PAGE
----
“The good news is that more women are realizing their own economic power and using it,” says Roberts. “More women are actively looking for opportunities to invest with women. The secret sauce is that women are highly motivated behind purpose and passion. “
3. Don’t apologize
Roberts’ unique approach to getting more women to write checks for other women-owned businesses includes continuing to seek female founders who are building scalable businesses that need investment. Roberts and her team are currently developing an informal network of high-net-worth women who can pool their res and support startups led by women with high growth potential that they would not normally be exposed to or would not have access to on their own. Additionally, Roberts wants to create opportunities where women can enter the early angel stage and pre-seed levels, with smaller check sizes than typical in traditional venture capital investments.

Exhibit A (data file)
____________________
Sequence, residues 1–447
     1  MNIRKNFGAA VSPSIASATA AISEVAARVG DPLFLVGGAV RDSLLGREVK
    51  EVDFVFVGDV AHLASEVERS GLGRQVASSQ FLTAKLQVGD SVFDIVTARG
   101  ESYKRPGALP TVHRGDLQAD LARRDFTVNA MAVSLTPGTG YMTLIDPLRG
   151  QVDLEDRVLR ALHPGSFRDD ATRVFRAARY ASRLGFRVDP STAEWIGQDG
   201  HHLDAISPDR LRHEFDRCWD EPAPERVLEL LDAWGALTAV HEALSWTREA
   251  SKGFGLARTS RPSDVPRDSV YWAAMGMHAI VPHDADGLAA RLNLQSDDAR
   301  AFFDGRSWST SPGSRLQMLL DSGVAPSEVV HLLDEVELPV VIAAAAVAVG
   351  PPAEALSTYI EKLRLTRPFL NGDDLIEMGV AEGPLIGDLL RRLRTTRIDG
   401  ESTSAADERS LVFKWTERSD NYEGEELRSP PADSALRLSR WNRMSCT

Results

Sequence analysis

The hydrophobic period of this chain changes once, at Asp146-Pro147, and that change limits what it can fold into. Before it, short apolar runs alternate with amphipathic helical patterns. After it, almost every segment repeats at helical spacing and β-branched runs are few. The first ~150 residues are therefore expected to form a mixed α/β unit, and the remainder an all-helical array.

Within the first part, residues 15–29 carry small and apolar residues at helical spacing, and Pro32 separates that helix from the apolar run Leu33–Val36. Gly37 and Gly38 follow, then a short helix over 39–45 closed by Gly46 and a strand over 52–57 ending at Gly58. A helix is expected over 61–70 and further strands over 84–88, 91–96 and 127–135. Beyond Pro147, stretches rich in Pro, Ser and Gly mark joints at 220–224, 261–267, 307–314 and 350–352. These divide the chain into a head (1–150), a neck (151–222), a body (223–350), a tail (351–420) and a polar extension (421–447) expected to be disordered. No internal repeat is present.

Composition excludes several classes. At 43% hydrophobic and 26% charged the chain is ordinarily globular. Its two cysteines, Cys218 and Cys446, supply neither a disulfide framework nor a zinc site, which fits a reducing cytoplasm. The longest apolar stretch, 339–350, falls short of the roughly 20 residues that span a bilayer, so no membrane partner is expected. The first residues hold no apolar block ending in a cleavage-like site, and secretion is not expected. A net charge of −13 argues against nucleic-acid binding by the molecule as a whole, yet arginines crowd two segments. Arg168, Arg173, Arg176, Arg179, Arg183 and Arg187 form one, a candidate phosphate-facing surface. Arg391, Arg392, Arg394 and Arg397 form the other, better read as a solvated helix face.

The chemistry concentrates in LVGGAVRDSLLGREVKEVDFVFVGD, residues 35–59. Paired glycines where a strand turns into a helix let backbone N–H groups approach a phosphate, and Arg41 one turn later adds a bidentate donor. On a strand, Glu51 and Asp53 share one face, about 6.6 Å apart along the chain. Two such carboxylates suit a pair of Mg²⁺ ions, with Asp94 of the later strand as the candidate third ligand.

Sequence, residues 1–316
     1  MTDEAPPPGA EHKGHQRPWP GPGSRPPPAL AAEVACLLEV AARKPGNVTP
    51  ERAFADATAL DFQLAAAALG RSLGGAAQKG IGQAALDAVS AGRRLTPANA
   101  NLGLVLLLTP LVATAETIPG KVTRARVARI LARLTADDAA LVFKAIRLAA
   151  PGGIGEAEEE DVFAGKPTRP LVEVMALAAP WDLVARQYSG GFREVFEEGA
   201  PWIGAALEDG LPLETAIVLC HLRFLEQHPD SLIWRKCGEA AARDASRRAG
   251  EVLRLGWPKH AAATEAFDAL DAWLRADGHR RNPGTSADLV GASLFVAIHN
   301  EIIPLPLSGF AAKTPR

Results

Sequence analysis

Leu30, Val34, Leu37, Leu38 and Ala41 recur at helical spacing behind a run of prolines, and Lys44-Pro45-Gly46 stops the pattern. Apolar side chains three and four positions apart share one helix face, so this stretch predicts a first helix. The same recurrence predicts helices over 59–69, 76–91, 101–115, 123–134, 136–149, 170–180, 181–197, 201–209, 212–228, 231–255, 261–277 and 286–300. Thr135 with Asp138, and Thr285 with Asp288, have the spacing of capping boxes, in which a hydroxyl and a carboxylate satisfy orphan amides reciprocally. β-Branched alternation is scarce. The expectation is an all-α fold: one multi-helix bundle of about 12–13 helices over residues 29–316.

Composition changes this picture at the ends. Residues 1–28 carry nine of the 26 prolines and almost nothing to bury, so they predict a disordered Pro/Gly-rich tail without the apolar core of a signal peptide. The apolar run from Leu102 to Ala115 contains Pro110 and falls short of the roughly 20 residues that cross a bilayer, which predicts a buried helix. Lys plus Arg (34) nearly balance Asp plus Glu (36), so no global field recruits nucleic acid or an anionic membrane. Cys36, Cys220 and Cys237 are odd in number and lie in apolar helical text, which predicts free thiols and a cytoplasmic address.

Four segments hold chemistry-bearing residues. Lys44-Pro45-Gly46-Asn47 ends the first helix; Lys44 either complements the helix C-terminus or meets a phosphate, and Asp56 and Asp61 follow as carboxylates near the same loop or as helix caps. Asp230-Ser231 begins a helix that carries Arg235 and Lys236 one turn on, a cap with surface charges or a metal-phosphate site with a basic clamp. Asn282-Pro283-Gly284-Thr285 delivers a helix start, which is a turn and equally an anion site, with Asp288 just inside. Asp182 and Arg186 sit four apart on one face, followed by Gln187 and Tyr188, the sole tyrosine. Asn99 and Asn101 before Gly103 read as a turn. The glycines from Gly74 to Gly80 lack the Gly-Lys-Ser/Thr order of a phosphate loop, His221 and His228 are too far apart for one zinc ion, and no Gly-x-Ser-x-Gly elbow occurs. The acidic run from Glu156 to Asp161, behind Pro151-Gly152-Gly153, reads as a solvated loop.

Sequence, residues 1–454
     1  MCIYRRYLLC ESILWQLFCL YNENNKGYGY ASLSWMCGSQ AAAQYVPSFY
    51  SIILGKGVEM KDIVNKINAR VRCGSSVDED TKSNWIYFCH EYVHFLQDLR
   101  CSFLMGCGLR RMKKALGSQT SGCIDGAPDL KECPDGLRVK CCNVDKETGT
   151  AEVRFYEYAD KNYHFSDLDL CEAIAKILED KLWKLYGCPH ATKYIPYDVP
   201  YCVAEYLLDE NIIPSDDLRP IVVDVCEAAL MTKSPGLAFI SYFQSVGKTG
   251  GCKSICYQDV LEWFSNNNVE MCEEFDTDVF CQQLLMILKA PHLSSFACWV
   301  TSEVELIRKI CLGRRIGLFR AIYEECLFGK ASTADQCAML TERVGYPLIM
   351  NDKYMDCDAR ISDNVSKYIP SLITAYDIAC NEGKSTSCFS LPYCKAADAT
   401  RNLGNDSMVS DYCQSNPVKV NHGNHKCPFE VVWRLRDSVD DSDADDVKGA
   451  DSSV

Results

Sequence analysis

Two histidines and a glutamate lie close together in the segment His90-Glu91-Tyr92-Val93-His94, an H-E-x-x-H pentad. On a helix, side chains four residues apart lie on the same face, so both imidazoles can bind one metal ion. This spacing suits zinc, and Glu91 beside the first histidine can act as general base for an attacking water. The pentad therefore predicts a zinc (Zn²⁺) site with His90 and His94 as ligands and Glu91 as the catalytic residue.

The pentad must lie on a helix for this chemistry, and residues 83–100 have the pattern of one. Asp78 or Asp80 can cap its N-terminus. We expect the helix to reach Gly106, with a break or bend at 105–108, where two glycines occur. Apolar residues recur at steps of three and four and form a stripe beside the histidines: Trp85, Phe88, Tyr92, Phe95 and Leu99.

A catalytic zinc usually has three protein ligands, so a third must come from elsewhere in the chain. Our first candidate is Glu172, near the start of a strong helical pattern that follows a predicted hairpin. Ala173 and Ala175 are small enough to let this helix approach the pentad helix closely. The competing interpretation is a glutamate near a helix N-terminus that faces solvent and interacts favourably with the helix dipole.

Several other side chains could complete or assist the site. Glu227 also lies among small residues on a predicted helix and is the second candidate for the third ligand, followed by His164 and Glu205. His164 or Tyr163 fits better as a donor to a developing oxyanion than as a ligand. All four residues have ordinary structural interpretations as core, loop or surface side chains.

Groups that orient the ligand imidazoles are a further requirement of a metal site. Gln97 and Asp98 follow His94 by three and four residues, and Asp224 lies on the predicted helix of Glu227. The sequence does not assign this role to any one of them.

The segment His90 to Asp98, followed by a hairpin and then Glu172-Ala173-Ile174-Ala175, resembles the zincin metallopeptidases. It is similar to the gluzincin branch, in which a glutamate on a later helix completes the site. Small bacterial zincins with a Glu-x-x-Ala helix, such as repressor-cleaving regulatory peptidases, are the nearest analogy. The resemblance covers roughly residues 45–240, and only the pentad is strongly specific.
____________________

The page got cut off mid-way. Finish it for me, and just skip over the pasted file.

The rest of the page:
Roberts is unwavering in her commitment to making venture capital more accessible to more female founders. You remember being once asked, “Aren’t you afraid of missing out on a great opportunity if you don’t invest in a business started by a man?”
Roberts’ response was simple: “Sure, I may miss something, but I’m getting a lot out of investing in women-led businesses. Without apologies, I’m focused on women. “